1. Let soften 2 sticks of butter (don't melt it)
  2. Melt the 5 oz. baking chocolate with a doubler boiler. Let cool.
  3. Cream the butter with 1 3/4 cups (packed) light brown sugar and 5 eggs until light and fluffy. Add 1 1/2 tsp. pure vanilla extract. Beat in the melted, cooled chocolate.  Stir in flour, 1 tsp of cinnamon and 1 ½ cups of semisweet chocolate until just combined.
  4. Spread into a buttered 9x13" baking pan. Bake 20-30 minutes (mine took more like 40 minutes, but once again, I have a student housing oven) at 350 degrees.
  5. Cut immediately after removing from the oven and wait about 10 minutes until serving.

Mac n' Cheese Bake

 Just look at that cheese oozing out

I doubt you've ever had a anything as decadent as this.  I made this last Tuesday for our house's weekly viewing/hosting of LOST.  I have been making this for two years, or ever since I bought Amy Sedaris's "I Like You: Hospitality Under The Influence."  While I originally bought this book for the comedy, I ended up using it for the recipes.  The Greek recipes in here are authentic and absolutely wonderful.  But this is my favorite recipe - there are so many different kinds of cheese and so much richness.  When I made this I forgot to buy some yellow cheddar cheese so I had to use some Asiago cheese... but I'm not complaining!

Amy Sedaris’a Macaroni and Cheese
  • 1 box of elbow macaroni
  • 1 stick of butter
  • 1 cup grated smoked Gouda
  • 1 cup grated white Monterey Jack cheese
  • 2 cups grated mild yellow Cheddar cheese (I used sharp)
  • 1/2 cup grated Parmesan cheese
  • 1 cup heavy cream
  • 1/4 cup milk
  • Salt and pepper to taste
  • 1/2 cup grated Parmesan cheese
  • 1 cup of breadcrumbs
  • 2 tablespoons chopped parsley
  • Salt and pepper to taste
  • 8 thin pats of butter
  1. Boil macaroni in salted water to al dente. While you are waiting for it to boil, melt together  butter, cheeses, cream, milk and salt and pepper.
  2. Drain macaroni and put back into the pot. When cheese mixture is melted and smooth, pour over macaroni and mix well. Add to a 2-quart casserole dish.
  3. For topping, mix together Parmesan cheese, breadcrumbs, parsley, salt and pepper, and sprinkle on top of the macaroni and cheese. Top with pats of butter.
  4. Bake at 425 degrees F for 20-25 minutes or until browned on top. One should be forewarned: this is a very rich dish. Not appropriate for diners with heart problems, the elderly, or breast-feeding mothers.

Gnocchi with Spinach Basil Pesto, Slow Roasted Tomatoes, and Asparagus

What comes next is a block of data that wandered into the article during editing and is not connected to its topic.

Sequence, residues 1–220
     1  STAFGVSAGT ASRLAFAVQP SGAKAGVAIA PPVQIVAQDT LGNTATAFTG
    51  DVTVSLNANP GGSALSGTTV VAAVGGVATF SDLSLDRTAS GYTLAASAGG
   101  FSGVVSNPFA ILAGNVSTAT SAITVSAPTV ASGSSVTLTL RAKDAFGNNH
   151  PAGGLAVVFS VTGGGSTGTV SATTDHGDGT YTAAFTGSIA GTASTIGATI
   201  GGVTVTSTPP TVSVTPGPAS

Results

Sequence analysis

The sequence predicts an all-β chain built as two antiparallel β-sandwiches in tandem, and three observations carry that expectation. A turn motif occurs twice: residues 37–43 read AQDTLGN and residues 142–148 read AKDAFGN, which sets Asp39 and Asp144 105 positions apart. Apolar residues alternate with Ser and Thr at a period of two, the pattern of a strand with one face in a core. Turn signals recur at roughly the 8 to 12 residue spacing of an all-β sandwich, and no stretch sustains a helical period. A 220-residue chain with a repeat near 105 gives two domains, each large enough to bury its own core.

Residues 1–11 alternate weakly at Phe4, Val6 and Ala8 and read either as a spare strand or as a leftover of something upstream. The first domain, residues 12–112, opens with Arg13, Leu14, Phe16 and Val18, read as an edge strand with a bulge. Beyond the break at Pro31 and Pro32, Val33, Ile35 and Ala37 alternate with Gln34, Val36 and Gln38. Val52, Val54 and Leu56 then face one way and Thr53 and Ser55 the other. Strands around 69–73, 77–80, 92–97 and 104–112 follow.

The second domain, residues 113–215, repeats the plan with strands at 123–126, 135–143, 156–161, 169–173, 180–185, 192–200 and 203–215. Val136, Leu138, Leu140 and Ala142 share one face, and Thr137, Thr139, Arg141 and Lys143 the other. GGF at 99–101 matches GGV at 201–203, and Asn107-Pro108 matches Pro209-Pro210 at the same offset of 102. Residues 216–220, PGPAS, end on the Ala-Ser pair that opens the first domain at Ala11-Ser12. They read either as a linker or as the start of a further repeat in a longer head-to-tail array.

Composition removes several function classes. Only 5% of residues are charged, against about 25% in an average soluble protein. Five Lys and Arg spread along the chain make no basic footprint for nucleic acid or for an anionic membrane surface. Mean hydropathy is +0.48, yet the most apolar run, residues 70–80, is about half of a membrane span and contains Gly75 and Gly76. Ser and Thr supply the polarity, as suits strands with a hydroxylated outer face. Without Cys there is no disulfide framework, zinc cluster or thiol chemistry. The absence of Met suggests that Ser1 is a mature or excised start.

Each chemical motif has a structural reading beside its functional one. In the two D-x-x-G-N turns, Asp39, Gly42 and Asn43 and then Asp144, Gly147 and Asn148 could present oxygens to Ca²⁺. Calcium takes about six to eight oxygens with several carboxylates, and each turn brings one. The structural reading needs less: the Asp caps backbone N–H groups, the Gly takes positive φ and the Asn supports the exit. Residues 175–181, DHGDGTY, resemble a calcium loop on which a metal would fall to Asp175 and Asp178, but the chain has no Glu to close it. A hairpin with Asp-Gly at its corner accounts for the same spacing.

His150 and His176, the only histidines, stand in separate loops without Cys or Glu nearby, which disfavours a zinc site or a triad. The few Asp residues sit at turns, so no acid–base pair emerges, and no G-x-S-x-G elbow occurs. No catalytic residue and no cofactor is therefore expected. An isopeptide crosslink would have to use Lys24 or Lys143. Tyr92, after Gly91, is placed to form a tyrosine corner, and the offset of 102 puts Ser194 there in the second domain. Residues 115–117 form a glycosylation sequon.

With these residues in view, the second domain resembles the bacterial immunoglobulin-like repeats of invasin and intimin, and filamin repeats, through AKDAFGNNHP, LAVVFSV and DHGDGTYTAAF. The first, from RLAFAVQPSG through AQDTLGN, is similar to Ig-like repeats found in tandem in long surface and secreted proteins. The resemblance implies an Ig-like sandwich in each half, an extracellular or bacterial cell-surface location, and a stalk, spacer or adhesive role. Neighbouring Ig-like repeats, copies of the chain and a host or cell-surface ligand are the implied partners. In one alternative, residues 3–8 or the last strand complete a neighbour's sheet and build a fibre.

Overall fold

I think my cell phone on the side really completes the dish

The first time I had gnocchi was in Rome last summer.  It was the lightest and most heavenly thing I had ever eaten.  Every bite tasted like a cloud, I was hooked and immediately jumped to the Internet to find out how to make it.  Everything I read made gnocchi seem like the hardest thing in the world to make.  Sadly, it was put on my cooking back burner... until now.

Last Wednesday Jake came over for dinner and I knew I wanted to make something new, good and impressive.  Gnocchi was the first thing that came to mind.  I feverishly started researching how to make it; different techniques, recommend sauces and how many attempts it took people to get it right.  Apparently you need a ricer, an Italian grandmother and years of experience to get it right.  And even then you might not get it right on the first try.  I can honestly say I was afraid that I would mess it up and serve Jake dense potato balls.

But once again Deb at Smitten Kitchen saved the day.  Apparently you don't NEED a ricer, you can easily use a the large grater side of your box grater, you just have to make sure the potatoes gratings don't clump together.  And even though I'm Irish and have an infinite love for potatoes, you don't need an Italian grandmother to get it right (meaning my grandmothers do just fine!).  Yes, that's right, I SUCCESSFULLY made gnocchi on my first try!  I was (and partially still am) on a culinary high.  And I'm pretty sure Jake liked it too (but you'll have to ask him to make sure).  I also gave some to my roommate, Zenka, and she didn't seem to complain one bit... In fact, I think she gobbled it down.